[Ok-sus] Oklahoma Rebates and Incentives Summary-Solar installation

David Nordahl dnordahl at electricgreensolar.com
Fri Sep 21 09:43:29 CDT 2012

I believe the kwh per year pertains to overage production exported to 
the grid.  I know of several commercial/institutional systems in the 
state that produce more than that per year.  A utility has no way of 
knowing how much of energy produced is consumed on site unless they do a 
dual meter, and no utility in Oklahoma that I know of requires that.

On 09/21/2012 09:33 AM, Michael Givel wrote:
> Thank you. This is quite helpful.  This reconfirms the net metering 
> standards that I just posted. Namely:
> http://www.dsireusa.org/incentives/incentive.cfm?Incentive_Code=OK01R&re=0&ee=0
> Specifically, the current system capacity for a producer is: 100 kW or 
> 25,000 kWh/year (whichever is less) and this was last adopted (OAC 
> Section 165:40-9) in 5/23/1988!
> Setting aside that it is now 24 years later and the technology has 
> advanced quite a bit since (to put it mildly), this is not much of a 
> significant incentive to go solar PV. When will this all change and 
> will OGE among others help to change it, I would ask.
>     -----Original Message-----
>     From: David Nordahl
>     Sent: Sep 21, 2012 8:56 AM
>     To: Michael Givel
>     Cc: ok-sus at lists.oksustainability.org
>     Subject: Re: Oklahoma Rebates and Incentives Summary-Solar
>     installation
>     A current list of federal/state incentives for any given area is
>     maintained at: http://www.dsireusa.org/
>     On 09/21/2012 07:50 AM, Michael Givel wrote:
>>     http://www.cleanenergyauthority.com/solar-rebates-and-incentives/oklahoma/
>>     Executive Summary:
>>       "Oklahoma Rebates and Incentives Summary
>>       <http://www.cleanenergyauthority.com/solar-rebates-and-incentives/oklahoma/oklahoma-solar-incentives-summary>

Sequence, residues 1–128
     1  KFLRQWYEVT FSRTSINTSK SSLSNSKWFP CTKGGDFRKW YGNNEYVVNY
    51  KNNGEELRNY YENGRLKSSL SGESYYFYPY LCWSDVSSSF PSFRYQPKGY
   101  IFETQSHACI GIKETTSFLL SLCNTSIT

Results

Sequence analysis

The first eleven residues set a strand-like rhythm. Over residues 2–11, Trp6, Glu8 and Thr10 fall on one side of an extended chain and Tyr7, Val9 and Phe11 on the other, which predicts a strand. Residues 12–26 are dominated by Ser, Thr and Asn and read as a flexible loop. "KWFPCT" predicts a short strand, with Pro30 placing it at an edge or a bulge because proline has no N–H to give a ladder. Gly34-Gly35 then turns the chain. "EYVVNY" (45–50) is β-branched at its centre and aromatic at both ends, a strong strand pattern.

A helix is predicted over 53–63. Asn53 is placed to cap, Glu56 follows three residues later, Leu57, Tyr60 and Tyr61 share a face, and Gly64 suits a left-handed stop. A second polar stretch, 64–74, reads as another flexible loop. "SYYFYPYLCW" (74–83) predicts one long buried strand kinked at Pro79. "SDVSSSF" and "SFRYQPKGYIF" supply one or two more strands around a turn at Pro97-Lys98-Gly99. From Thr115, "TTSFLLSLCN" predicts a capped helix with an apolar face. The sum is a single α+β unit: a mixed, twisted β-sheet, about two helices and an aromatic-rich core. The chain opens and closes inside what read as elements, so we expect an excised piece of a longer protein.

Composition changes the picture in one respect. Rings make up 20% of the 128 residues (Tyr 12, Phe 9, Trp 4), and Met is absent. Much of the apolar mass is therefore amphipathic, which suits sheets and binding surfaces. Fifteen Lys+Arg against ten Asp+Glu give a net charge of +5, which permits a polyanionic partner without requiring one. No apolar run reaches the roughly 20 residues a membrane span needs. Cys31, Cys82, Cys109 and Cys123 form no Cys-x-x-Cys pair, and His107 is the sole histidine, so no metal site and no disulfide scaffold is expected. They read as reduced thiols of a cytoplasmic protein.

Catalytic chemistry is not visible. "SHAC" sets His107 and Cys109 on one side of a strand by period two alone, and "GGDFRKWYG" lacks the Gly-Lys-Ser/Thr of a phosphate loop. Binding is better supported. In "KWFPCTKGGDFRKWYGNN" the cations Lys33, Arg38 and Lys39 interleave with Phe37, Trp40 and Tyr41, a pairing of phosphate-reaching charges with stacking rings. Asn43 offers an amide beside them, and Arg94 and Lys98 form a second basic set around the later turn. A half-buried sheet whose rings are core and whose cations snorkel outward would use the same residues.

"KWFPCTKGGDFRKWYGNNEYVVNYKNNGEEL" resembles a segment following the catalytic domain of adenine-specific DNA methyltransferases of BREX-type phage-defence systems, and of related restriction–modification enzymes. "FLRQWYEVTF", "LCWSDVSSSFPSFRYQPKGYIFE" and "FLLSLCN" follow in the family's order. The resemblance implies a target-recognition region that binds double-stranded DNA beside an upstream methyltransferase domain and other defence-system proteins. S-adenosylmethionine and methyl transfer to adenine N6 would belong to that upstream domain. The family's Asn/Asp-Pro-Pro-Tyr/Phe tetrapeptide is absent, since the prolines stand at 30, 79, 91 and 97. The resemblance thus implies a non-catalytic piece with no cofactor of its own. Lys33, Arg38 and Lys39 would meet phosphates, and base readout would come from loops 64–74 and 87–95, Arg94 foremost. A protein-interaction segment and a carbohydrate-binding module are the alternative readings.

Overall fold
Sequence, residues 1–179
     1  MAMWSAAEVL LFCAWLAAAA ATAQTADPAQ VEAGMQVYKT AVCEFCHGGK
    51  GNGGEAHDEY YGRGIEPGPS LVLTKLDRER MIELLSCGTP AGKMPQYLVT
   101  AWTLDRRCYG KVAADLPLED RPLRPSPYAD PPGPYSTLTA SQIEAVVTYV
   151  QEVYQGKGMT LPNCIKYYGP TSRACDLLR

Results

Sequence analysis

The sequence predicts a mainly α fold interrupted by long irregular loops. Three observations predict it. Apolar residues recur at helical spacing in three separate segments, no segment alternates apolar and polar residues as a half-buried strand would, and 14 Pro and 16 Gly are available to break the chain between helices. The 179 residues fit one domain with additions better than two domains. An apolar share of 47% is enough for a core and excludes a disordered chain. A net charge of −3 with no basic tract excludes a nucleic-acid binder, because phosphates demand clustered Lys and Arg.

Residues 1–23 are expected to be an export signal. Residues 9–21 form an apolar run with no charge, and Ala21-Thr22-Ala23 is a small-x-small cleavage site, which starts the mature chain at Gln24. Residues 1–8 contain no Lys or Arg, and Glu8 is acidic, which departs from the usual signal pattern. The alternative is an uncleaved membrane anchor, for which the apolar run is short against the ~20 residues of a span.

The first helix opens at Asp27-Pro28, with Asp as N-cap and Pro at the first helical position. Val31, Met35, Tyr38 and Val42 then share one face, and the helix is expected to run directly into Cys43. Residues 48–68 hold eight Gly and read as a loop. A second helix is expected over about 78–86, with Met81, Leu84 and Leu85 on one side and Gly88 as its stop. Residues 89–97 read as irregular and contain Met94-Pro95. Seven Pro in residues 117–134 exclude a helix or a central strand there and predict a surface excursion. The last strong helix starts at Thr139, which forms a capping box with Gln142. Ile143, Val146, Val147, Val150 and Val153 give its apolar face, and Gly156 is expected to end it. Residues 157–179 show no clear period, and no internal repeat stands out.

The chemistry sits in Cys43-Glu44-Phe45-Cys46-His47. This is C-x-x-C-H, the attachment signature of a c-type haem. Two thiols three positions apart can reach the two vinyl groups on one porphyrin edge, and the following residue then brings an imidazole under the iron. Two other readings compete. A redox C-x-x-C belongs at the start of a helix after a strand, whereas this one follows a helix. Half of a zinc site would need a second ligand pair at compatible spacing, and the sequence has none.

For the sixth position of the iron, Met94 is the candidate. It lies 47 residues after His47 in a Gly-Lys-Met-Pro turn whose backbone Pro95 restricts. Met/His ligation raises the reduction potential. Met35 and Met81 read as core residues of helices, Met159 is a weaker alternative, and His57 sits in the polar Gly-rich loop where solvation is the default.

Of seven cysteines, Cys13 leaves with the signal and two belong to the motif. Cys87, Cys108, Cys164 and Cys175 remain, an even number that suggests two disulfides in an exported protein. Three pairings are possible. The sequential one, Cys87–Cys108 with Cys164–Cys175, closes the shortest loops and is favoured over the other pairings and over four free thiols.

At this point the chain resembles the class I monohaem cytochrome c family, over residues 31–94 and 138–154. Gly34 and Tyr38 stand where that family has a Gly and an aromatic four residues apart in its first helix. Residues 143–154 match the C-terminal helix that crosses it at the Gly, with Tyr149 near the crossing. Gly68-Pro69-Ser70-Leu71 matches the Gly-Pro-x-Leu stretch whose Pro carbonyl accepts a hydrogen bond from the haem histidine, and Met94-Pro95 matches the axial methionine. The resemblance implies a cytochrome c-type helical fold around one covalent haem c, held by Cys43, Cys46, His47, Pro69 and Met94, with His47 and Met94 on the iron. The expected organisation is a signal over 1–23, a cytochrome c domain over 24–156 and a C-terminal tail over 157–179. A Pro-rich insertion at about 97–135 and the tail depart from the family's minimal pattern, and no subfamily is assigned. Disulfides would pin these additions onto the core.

>>    
>>     <http://www.cleanenergyauthority.com/solar-rebates-and-incentives/oklahoma/oklahoma-solar-incentives-summary>The
>>     Oklahoma renewable energy industry could use some serious
>>     improvement coming into 2012.  It’s safe to say that Oklahoma has
>>     yet to give the solar industry any leadership with a renewable
>>     energy standard (RES). Only recently in May 2010 has Oklahoma
>>     adopted a renewable portfolio standard (RPS) with some pretty
>>     lack luster goals.
>>     The goal of Oklahoma’s RPS has only set the bar at 15 percent of
>>     it’s energy generated by renewables by 2015 as compared to the
>>     nation’s renewable leader, California, who has established an RPS
>>     goal of 20 percent of their energy generated by renewables by
>>     2010 (and met it) with even more ambitions to produce 33 percent
>>     by 2020. Also, there are no interim targets for their renewable
>>     energy production, and the goal of 15 percent doesn’t extend past
>>     2015 essentially allowing for Oklahoma to fall back into a
>>     non-renewable dependence. This doesn’t even get to the limited
>>     number of incentives offered by the state to encourage renewable
>>     growth.
>>     Although the state does have anet-metering program
>>     <http://www.cleanenergyauthority.com/solar-rebates-and-incentives/oklahoma/oklahoma-net-metering>,
>>     and a fair amount of good incentives to commercial business
>>     toupgrade their facilities to zero carbon emissions
>>     <http://www.cleanenergyauthority.com/solar-rebates-and-incentives/oklahoma/zero-emission-facilities-production-tax-credit>,
>>     again Oklahoma falls well short by comparison to most states in
>>     the number of incentives, rebates, tax breaks, and loan programs
>>     that will only give consumers a reason to jump on the green band
>>     wagon."
>>     Quote about net metering: "Under Order 326195, the Oklahoma
>>     Corporate Commission (OCC) has mandated that all investor owned
>>     utilities (IOU) and electric cooperatives under the OCC’s
>>     jurisdiction offer a net-metering program to eligible renewable
>>     systems owners since 1988. Net-metering is available to all
>>     customer classes with no limit on the aggregate net-metered
>>     capacity, but there is a system capacity limit of 100 kilowatts
>>     (kW), 25,000 kilowatt hours (kWh) per year, or whichever is less."

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